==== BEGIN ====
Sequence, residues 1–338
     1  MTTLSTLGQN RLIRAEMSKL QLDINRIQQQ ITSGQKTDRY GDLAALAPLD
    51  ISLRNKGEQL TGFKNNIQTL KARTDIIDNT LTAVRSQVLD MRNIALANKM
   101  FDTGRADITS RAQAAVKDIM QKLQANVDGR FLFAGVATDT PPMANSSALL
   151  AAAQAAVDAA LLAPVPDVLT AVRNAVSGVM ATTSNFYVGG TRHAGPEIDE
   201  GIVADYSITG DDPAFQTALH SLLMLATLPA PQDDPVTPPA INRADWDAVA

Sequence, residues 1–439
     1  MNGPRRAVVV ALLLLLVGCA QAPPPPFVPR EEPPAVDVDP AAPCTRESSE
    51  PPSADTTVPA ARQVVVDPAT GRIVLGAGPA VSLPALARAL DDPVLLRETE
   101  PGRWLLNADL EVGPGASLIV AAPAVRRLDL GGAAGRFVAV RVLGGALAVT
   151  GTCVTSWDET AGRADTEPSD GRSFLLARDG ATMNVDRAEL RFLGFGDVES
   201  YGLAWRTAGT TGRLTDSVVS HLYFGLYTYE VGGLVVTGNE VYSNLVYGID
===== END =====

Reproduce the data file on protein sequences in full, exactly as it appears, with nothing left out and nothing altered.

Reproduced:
Sequence, residues 1–338
     1  MTTLSTLGQN RLIRAEMSKL QLDINRIQQQ ITSGQKTDRY GDLAALAPLD
    51  ISLRNKGEQL TGFKNNIQTL KARTDIIDNT LTAVRSQVLD MRNIALANKM
   101  FDTGRADITS RAQAAVKDIM QKLQANVDGR FLFAGVATDT PPMANSSALL
   151  AAAQAAVDAA LLAPVPDVLT AVRNAVSGVM ATTSNFYVGG TRHAGPEIDE
   201  GIVADYSITG DDPAFQTALH SLLMLATLPA PQDDPVTPPA INRADWDAVA

Sequence, residues 1–439
     1  MNGPRRAVVV ALLLLLVGCA QAPPPPFVPR EEPPAVDVDP AAPCTRESSE
    51  PPSADTTVPA ARQVVVDPAT GRIVLGAGPA VSLPALARAL DDPVLLRETE
   101  PGRWLLNADL EVGPGASLIV AAPAVRRLDL GGAAGRFVAV RVLGGALAVT
   151  GTCVTSWDET AGRADTEPSD GRSFLLARDG ATMNVDRAEL RFLGFGDVES
   201  YGLAWRTAGT TGRLTDSVVS HLYFGLYTYE VGGLVVTGNE VYSNLVYGID